• If you can’t find the files there, you can find them in the i386 folder on your XP install cd
This is a critical piece of information: Windows XP will be installed on the D: drive, even in Windows XP… so you’ll need to keep that in mind when tweaking your system.
477db8a.png You can share information between the drives, but I wouldn’t recommend messing with the other operating system’s partition too much… it might get angry and bite you. Or screw up your files. What I do recommend is that you store most of your files on a third drive shared between the operating systems… you could call that partition “Data”.
.

on May 08, 2010 | Computers & Internet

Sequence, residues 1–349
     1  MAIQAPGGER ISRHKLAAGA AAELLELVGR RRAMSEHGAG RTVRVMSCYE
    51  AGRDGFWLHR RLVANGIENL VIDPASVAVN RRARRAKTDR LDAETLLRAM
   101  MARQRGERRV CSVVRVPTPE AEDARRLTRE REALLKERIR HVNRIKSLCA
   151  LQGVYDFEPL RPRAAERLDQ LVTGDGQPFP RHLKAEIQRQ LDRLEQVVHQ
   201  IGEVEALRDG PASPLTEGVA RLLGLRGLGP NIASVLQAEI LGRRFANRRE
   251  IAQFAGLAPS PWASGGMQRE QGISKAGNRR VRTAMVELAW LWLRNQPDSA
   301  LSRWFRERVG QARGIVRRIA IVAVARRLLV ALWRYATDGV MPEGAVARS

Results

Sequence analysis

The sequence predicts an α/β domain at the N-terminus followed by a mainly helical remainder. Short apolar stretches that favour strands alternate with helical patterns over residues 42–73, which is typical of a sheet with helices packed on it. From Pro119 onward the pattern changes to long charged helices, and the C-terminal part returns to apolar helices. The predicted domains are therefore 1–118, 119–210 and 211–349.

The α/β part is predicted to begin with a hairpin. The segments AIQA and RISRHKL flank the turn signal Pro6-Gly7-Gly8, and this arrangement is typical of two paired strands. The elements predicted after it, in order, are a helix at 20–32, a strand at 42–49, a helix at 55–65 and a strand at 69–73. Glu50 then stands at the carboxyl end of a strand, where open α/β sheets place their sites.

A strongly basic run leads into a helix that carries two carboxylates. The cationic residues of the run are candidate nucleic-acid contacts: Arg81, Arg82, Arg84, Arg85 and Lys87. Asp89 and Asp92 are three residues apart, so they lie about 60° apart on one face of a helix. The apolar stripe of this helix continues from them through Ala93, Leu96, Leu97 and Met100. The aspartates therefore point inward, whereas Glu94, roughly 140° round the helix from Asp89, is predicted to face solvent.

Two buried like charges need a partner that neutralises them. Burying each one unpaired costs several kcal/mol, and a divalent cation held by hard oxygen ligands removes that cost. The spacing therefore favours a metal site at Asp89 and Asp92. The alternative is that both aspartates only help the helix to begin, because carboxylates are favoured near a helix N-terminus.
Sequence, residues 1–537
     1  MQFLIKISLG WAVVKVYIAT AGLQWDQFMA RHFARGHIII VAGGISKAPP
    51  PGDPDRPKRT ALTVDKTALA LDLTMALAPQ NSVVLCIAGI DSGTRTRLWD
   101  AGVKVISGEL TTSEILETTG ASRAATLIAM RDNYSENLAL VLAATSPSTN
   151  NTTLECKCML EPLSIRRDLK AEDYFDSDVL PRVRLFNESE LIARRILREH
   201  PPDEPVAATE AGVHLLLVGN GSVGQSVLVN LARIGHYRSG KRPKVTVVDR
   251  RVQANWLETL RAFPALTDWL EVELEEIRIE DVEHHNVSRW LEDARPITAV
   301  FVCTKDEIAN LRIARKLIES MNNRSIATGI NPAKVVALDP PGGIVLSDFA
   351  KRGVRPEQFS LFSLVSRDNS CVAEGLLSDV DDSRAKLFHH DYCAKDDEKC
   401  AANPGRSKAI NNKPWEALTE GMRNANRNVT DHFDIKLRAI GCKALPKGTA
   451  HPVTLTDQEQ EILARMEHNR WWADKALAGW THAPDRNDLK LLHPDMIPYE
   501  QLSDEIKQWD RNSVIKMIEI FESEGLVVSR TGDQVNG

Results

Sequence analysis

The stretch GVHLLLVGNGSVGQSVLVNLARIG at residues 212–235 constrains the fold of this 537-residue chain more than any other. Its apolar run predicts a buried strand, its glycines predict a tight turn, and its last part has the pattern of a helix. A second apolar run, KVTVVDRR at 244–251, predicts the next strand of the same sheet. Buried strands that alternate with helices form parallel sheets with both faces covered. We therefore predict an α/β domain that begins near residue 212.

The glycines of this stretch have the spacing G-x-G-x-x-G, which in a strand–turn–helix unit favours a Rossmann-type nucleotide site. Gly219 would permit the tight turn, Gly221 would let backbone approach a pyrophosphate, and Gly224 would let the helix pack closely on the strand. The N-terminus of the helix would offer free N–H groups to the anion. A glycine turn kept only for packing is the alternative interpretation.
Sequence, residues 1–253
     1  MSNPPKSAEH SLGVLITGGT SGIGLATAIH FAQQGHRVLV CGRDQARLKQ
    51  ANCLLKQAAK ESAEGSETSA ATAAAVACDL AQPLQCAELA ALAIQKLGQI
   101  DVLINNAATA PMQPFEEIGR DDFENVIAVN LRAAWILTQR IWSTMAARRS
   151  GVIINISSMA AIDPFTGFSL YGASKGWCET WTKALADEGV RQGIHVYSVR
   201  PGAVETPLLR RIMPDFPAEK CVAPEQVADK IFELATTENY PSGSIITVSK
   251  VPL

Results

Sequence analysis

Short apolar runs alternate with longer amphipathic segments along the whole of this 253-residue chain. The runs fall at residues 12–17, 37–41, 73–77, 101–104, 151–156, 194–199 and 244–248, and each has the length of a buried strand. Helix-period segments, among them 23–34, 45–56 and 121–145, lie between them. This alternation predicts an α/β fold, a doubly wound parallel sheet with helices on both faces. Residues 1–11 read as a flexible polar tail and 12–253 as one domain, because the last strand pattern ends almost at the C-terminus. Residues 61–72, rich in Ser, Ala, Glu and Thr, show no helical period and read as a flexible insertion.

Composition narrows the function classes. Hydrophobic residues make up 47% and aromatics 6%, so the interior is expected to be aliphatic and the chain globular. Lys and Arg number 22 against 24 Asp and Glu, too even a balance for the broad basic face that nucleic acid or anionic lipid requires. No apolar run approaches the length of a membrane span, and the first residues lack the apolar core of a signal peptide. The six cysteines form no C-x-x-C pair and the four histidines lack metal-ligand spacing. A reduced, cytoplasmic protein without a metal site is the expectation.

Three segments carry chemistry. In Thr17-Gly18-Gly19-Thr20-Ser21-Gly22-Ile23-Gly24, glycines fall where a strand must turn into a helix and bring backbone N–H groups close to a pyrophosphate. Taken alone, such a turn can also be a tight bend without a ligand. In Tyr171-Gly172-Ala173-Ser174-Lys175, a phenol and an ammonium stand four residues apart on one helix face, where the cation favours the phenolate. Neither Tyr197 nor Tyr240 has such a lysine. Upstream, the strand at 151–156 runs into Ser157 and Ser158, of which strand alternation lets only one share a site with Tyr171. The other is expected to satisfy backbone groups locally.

1 Answer

My WD 10EADS-00L5BI shows up in the BIOS, but not in Windows Explorer. Please help John


What version of Windows are you using?

Your hard drive is most likely not formatted. In Windows Vista, you will need to:

1. Open Computer Management by clicking the Start button getopencontent.aspx?assetid=4f6cbd09-148c-4dd8-b1f2-48f232a2fd33&documentset=en-us&renderkey=xml, clicking Control Panel, clicking System and Maintenance, clicking Administrative Tools, and then double-clicking Computer Management.getopencontent.aspx?assetid=18abb370-ac1e-4b6b-b663-e028a75bf05b&documentset=en-us&renderkey=xml If you are prompted for an administrator password or confirmation, type the password or provide confirmation.
2. In the Navigation pane, under Storage, click Disk Management.
3. Right-click an unallocated region on your hard disk, and then click New Simple Volume.
4. In the New Simple Volume Wizard, click Next.